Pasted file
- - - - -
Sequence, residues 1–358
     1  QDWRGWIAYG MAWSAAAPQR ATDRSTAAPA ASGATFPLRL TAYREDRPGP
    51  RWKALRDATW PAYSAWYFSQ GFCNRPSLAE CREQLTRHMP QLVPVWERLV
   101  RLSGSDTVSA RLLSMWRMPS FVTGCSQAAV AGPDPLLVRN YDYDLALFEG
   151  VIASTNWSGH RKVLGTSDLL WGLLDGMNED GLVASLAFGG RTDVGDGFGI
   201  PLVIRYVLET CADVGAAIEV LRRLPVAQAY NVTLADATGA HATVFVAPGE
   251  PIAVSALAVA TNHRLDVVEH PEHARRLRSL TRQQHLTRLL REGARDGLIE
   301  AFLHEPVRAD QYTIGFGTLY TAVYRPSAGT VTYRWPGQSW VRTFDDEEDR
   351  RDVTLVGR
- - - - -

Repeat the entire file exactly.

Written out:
Sequence, residues 1–358
     1  QDWRGWIAYG MAWSAAAPQR ATDRSTAAPA ASGATFPLRL TAYREDRPGP
    51  RWKALRDATW PAYSAWYFSQ GFCNRPSLAE CREQLTRHMP QLVPVWERLV
   101  RLSGSDTVSA RLLSMWRMPS FVTGCSQAAV AGPDPLLVRN YDYDLALFEG
   151  VIASTNWSGH RKVLGTSDLL WGLLDGMNED GLVASLAFGG RTDVGDGFGI
   201  PLVIRYVLET CADVGAAIEV LRRLPVAQAY NVTLADATGA HATVFVAPGE
   251  PIAVSALAVA TNHRLDVVEH PEHARRLRSL TRQQHLTRLL REGARDGLIE
   301  AFLHEPVRAD QYTIGFGTLY TAVYRPSAGT VTYRWPGQSW VRTFDDEEDR
   351  RDVTLVGR